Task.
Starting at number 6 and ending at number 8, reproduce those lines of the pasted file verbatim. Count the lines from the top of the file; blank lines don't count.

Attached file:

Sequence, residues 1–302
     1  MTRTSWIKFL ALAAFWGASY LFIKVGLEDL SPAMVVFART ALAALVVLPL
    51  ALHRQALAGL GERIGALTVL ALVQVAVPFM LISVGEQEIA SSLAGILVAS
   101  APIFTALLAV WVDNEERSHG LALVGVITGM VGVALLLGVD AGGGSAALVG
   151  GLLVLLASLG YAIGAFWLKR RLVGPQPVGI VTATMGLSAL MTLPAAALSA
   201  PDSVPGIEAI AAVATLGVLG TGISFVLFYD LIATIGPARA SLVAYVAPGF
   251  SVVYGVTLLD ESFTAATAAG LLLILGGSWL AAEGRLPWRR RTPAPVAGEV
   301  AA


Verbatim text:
   201  PDSVPGIEAI AAVATLGVLG TGISFVLFYD LIATIGPARA SLVAYVAPGF
   251  SVVYGVTLLD ESFTAATAAG LLLILGGSWL AAEGRLPWRR RTPAPVAGEV
   301  AA